Supporters cheer after the race is called for incumbent Florida Republican Gov. Ron DeSantis during an election night party, in Tampa, Florida, Nov. 8, 2022 Rebecca Blackwell/AP Photo

William Bender, an investigative reporter for The Philadelphia Inquirer and Philadelphia Daily News, got thrown onto covering Doug Mastriano’s campaign for governor of Pennsylvania during the 2022 midterms.  It wasn’t a traditional gubernatorial bid for many reasons — but in terms of access to the candidate himself, it’s possibly the type of campaign that more reporters could potentially find themselves covering in the post-Trump era.  

“On the campaign trail with Mastriano, dissent is squelched. Questions are neither asked nor answered. Paranoia is rampant,” Bender and colleague Chris Brennan wrote in September, describing how the state senator and Army veteran employed security workers who yelled at and body blocked reporters for a candidate who regularly engaged in freewheeling chats with conservative networks with a partisan slant. At a September rally in Wilkes-Barre featuring former President Donald Trump, Bender says, Mastriano did an interview with One America News and other right-leaning outlets but wouldn’t take questions from the general press. 

Mastriano has literally fled from contact with reporters. 

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Florida Gov. Ron DeSantis has taken a similar approach and had some success. His governing style and campaign are often-cited examples of what happens when not only a candidate, but a sitting public official tries to thwart the press. Reams of stories examine the administration’s hostility toward the press, many of them citing the scorched earth tactics of spokeswoman Christina Pushaw, who had her Twitter account temporarily suspended in mid-2021 for allegedly inciting threats against an Associated Press reporter. Pushaw later became the director of rapid response for DeSantis’ re-election campaign.

Mastriano lost his bid for the Pennsylvania governor’s mansion, but DeSantis won re-election. And their media strategy is one that candidates across the country — many of them conservative — employed in the hopes of exercising strict control over their messaging. And it’s a strategy that seems to be gaining steam in the run-up to the 2024 polls.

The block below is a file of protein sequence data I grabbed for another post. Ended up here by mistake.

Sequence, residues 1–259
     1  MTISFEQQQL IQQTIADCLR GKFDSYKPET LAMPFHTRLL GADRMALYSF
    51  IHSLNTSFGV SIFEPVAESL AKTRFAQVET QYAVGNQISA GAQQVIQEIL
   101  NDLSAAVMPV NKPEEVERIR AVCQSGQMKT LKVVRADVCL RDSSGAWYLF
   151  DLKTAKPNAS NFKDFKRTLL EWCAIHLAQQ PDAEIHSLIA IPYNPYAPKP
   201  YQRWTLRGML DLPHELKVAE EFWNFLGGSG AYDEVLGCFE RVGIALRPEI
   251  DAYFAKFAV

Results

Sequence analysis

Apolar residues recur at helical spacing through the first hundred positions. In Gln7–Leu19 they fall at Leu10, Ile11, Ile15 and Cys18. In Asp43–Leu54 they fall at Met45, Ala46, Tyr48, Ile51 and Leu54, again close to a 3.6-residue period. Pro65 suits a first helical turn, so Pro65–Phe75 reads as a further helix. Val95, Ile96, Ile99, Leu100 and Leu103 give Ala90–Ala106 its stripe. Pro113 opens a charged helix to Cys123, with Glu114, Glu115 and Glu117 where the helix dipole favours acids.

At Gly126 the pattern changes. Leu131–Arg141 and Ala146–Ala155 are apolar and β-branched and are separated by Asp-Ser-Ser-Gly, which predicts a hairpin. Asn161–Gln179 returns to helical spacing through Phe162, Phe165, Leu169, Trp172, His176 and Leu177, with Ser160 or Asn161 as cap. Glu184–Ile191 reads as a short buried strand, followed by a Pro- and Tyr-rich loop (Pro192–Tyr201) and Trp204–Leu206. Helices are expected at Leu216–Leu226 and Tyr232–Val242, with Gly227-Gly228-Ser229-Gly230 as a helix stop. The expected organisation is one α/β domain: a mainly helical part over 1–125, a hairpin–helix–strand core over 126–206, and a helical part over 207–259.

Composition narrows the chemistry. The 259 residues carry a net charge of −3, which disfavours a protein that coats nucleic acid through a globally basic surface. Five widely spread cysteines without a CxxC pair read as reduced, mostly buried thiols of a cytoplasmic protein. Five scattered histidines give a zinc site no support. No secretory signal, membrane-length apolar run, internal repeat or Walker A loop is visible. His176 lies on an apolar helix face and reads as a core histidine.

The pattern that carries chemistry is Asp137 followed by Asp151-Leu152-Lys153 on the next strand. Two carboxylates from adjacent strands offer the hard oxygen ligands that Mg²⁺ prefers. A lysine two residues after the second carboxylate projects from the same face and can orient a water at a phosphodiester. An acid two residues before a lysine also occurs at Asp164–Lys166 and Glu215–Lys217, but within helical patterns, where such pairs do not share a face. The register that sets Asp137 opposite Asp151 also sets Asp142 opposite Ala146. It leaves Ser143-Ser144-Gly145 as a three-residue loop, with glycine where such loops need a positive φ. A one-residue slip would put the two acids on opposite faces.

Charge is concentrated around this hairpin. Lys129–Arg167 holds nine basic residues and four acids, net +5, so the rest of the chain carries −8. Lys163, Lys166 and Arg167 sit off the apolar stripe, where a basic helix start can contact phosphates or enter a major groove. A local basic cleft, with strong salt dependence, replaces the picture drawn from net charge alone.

Conservative candidates are moving from attacking the press as “fake news” to completely ghosting them. With some already announcing their candidacies for 2024, and the pundit class speculating on potential presidential contenders, how politicians engage with the media — and how the media respond — will be decisive.

“Democracy requires dialogue,” but when politicians shut out all but partisan media, “you’re getting an echo chamber,” says Doug Muzzio, professor of public affairs at Baruch College of the City University of New York. “You have a further polarization of an already fragmented society … [It’s] destructive of the democratic fabric, which relies on an informed citizenry — and ‘an informed citizenry’ doesn’t mean one that is a cult of one political party [or] individual.”  

Political coverage is increasingly complicated by the growth of hyper-partisan local outlets, video streaming sites, and social media platforms that have changed the calculus of how candidates and public officials communicate with voters. For those running, it offers an opportunity to skirt traditional news outlets and talk to the electorate through the soft lens of a friendly, and even openly supportive, outlet.

In many cases, politicians are not necessarily shutting down all communication with traditional media; they may take a question at a news conference, grant a short interview, or have a spokesperson answer specific queries in writing. But for members of the legacy press, there is a new balancing act in covering politicos who consider attacking the “mainstream”  media both a reliable crowd-pleaser and a defense mechanism. They are grappling with the influence of new platforms while using the interviews politicians give via those outlets to shine a light on reclusive or openly hostile subjects.

For voters, it means the candidates — and even eventual winners — control their messaging in a way that both reinforces deeply held biases and obscures key challenges facing society. A 2018 study in the American Journal of Political Science found that, even if it’s true that a relatively small proportion of people consume media that favors a particular point of view, partisan media “does, in fact, have a large effect on public opinion.” In short, they found, “Those who watch and are impacted by partisan media talk to and persuade others who did not watch.”

Tension between politicians and the press isn’t new, although the intensity undoubtedly ratcheted up during the Trump era. Reporters have since struggled with how to regain the trust of the public, or at least segments of it, after years of being broadly slimed by the former president and his supporters as “fake news” — particularly when confronted by questions and stories they don’t like.